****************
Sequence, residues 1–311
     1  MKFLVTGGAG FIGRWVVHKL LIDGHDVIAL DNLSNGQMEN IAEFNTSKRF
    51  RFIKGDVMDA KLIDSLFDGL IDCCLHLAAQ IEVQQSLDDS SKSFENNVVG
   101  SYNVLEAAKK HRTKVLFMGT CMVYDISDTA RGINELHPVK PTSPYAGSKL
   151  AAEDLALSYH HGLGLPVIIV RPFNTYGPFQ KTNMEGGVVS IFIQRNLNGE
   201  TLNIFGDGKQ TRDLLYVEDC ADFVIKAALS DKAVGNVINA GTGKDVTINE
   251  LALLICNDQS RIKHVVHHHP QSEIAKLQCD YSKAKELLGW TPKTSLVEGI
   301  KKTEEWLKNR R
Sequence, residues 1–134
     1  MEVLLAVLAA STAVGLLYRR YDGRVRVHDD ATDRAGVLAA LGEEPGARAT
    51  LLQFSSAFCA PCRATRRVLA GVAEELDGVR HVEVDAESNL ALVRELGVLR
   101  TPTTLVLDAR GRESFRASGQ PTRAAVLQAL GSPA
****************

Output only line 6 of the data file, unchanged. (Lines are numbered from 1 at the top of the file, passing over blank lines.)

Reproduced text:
   201  TLNIFGDGKQ TRDLLYVEDC ADFVIKAALS DKAVGNVINA GTGKDVTINE